February Followup – Haiti

The month in Haiti was fantastic – and too short!!

Following are several photos and explanations

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Those moringa trees behind the guys were planted 14 months previous and are over 20 feet tall. These trees provide a good supply of seeds. Some of the original trees were kept pruned at 6 feet, forming a hedge, which provides the sprouts that people like to eat – below you see them on the table. This table is in the Children’s Lifeline canteen where about 2,800 meals are prepared – daily!!

Children's Lifeline Canteen

Children’s Lifeline Canteen

The new developments during this visit included a terracing demonstration – great way to reduce erosion – the number one agricultural issue on the globe! Haiti does not lack rocks for this intervention.

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We created a moringa leaf drier. A product for local consumption and medical intervention for malnourished children can be generated in this drier. The sloping frontal section faces south, creating the heat and draft required to dry the product.

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This view of the back shows the shelves where leaves are dried.

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I experimented, successfully, using cardboard boxes as mulch to reduce moisture loss from the soil surface while seeds sprouted and trees were established. The boxes were simply torn to remove the ground cover where the trees sprouted – thus providing light for the seedling and ongoing mulch and moisture retention while trees continued to develop. Very good technology!! Rats – no photos.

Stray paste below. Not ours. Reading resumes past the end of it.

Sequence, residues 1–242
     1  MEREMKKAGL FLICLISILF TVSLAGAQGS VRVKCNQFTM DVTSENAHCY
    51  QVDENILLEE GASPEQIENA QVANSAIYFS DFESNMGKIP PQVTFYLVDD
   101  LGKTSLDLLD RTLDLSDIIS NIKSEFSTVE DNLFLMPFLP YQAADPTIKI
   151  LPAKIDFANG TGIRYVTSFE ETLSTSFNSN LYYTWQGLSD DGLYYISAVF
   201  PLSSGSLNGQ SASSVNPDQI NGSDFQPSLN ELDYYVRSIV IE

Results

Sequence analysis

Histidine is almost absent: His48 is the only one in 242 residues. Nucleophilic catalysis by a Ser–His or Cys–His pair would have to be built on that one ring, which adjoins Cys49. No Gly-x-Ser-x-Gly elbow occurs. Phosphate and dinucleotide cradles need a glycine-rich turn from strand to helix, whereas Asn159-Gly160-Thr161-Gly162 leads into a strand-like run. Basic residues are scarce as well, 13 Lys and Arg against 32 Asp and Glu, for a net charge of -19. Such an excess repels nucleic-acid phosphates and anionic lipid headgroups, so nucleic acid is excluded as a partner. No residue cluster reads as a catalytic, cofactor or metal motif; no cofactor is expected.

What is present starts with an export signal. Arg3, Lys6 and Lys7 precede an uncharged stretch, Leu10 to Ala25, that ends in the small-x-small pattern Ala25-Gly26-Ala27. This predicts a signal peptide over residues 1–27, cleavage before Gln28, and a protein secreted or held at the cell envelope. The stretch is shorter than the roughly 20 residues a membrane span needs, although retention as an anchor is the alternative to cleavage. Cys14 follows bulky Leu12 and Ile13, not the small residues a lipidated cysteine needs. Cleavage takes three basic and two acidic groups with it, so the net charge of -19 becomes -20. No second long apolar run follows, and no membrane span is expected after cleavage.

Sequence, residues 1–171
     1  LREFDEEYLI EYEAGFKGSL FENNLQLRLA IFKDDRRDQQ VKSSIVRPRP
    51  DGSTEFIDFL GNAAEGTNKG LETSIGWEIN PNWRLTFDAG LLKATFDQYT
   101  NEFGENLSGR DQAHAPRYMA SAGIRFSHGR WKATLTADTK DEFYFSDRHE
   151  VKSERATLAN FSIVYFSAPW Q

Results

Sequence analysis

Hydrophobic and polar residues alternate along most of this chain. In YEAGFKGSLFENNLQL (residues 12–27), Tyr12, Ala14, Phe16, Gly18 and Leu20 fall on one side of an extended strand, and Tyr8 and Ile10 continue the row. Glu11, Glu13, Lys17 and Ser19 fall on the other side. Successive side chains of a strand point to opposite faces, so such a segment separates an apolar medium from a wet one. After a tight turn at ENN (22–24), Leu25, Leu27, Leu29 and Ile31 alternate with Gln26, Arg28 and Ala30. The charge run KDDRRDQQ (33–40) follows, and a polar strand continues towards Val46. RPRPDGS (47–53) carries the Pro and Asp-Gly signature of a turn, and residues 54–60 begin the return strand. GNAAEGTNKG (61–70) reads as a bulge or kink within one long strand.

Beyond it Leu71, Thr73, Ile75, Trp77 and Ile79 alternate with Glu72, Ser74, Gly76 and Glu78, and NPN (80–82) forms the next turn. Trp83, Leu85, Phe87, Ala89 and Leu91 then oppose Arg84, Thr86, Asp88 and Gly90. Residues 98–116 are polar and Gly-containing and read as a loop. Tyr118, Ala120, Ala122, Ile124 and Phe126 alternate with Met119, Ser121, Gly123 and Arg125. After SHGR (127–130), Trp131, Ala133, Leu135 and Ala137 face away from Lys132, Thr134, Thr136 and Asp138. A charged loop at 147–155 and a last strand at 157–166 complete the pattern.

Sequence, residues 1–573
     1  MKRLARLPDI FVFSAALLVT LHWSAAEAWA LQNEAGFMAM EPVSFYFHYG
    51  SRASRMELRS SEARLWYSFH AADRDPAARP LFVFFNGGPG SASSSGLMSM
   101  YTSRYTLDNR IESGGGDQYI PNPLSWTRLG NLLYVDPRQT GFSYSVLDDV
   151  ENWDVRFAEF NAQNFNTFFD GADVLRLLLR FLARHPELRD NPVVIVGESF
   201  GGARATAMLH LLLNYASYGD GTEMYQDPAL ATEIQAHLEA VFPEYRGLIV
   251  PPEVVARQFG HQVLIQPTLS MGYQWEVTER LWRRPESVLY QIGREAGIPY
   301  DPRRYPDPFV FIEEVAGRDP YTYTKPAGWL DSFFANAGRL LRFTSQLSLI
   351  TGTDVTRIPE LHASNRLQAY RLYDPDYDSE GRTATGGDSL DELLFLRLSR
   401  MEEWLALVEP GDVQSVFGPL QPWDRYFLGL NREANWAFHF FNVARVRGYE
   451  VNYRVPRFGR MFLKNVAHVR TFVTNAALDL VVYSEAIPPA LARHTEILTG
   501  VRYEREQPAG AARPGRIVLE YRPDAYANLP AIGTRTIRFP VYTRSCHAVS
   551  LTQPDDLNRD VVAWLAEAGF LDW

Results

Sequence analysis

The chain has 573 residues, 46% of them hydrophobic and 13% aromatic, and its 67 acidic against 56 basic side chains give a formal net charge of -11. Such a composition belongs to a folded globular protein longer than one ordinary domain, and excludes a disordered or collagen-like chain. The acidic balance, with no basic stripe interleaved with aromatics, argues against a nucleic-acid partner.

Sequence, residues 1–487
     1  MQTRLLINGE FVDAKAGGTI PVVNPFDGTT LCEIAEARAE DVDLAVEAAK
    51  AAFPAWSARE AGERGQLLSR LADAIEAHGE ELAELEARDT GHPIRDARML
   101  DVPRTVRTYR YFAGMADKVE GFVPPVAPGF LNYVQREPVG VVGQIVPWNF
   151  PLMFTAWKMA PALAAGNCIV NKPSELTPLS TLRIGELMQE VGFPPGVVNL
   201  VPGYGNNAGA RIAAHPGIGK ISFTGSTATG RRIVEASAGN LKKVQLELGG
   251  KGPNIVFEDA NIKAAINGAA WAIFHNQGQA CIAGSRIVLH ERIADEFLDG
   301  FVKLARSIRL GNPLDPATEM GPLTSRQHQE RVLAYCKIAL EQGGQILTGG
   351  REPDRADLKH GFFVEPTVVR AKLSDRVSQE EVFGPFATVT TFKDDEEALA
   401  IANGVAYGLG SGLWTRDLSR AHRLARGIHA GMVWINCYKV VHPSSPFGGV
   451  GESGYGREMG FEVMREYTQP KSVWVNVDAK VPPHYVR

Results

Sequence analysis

Erosion in mountainous areas has been identified as an international issue. These braced cardboard dams will hold soil and water, creating a level area behind. The green foliage you see will root, creating a living wall. Nature provides many low cost options to improve soil retention and agricultural outcomes.

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During my last visit I spoke with Dr Carmel about people using papaya leaves and leaf tea to reduce stomach aches and stomach worms. She told me she has suggested it to many of her clients. These people have reported positive results. See my posts on this topic. Nature provides a ready, ongoing supply of remedies to every day health issues.

Any questions or feedback?? Look forward to hearing from you.

Kind Regards, Tim

Great News from Haiti

Wow, it’s been a while!! About a month ago I got home from an exhilarating trip to Haiti where we started hillside terracing for tree based agriculture – specifically moringa trees. This due to the many benefits of same. These trees will be used by Children’s Lifeline in their feeding program and to develop an export business of dried leaves.

The great news is that the rains have been regular since I left and the trees are thriving. I planted about 500 seeds which will yield a good number of trees.

Terracing in tropical, hilly places is a very powerful way to conserve rainfall and redevelop the ground water resources. The rain water, which would normally just flow off the hill causing erosion, is collected in trenches which are specially designed to follow the contours of the hill, which means the water can pool and generally finds its way into the soil. Particularly in Haiti where the soils are sandy and light.

Erosion is the number one agricultural problem in the world.

Wanted to share this great news! On another note, my Ugandan friend and his family are living in a banana fiber house, which is a bummer. I have contacted Habitat to see if they can help. Any ideas out there for a way to help them get better accommodation?

Cheers, Tim

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